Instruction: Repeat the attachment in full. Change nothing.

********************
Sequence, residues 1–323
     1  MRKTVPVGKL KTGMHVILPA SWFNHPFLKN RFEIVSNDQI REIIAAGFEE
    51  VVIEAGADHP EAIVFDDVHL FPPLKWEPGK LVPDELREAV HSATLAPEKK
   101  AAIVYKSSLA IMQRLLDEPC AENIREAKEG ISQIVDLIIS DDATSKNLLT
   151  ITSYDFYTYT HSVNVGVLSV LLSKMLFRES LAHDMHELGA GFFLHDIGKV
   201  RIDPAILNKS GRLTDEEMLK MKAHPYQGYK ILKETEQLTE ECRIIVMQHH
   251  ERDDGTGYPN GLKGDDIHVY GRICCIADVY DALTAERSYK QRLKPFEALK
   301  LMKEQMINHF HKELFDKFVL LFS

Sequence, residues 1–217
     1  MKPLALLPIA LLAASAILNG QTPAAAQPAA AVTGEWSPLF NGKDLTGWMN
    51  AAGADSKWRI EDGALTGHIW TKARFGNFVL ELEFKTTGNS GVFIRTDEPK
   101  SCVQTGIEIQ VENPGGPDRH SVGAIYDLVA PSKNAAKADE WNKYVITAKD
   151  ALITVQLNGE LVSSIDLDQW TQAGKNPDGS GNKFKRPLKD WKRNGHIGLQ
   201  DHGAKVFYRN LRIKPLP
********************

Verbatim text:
Sequence, residues 1–323
     1  MRKTVPVGKL KTGMHVILPA SWFNHPFLKN RFEIVSNDQI REIIAAGFEE
    51  VVIEAGADHP EAIVFDDVHL FPPLKWEPGK LVPDELREAV HSATLAPEKK
   101  AAIVYKSSLA IMQRLLDEPC AENIREAKEG ISQIVDLIIS DDATSKNLLT
   151  ITSYDFYTYT HSVNVGVLSV LLSKMLFRES LAHDMHELGA GFFLHDIGKV
   201  RIDPAILNKS GRLTDEEMLK MKAHPYQGYK ILKETEQLTE ECRIIVMQHH
   251  ERDDGTGYPN GLKGDDIHVY GRICCIADVY DALTAERSYK QRLKPFEALK
   301  LMKEQMINHF HKELFDKFVL LFS

Sequence, residues 1–217
     1  MKPLALLPIA LLAASAILNG QTPAAAQPAA AVTGEWSPLF NGKDLTGWMN
    51  AAGADSKWRI EDGALTGHIW TKARFGNFVL ELEFKTTGNS GVFIRTDEPK
   101  SCVQTGIEIQ VENPGGPDRH SVGAIYDLVA PSKNAAKADE WNKYVITAKD
   151  ALITVQLNGE LVSSIDLDQW TQAGKNPDGS GNKFKRPLKD WKRNGHIGLQ
   201  DHGAKVFYRN LRIKPLP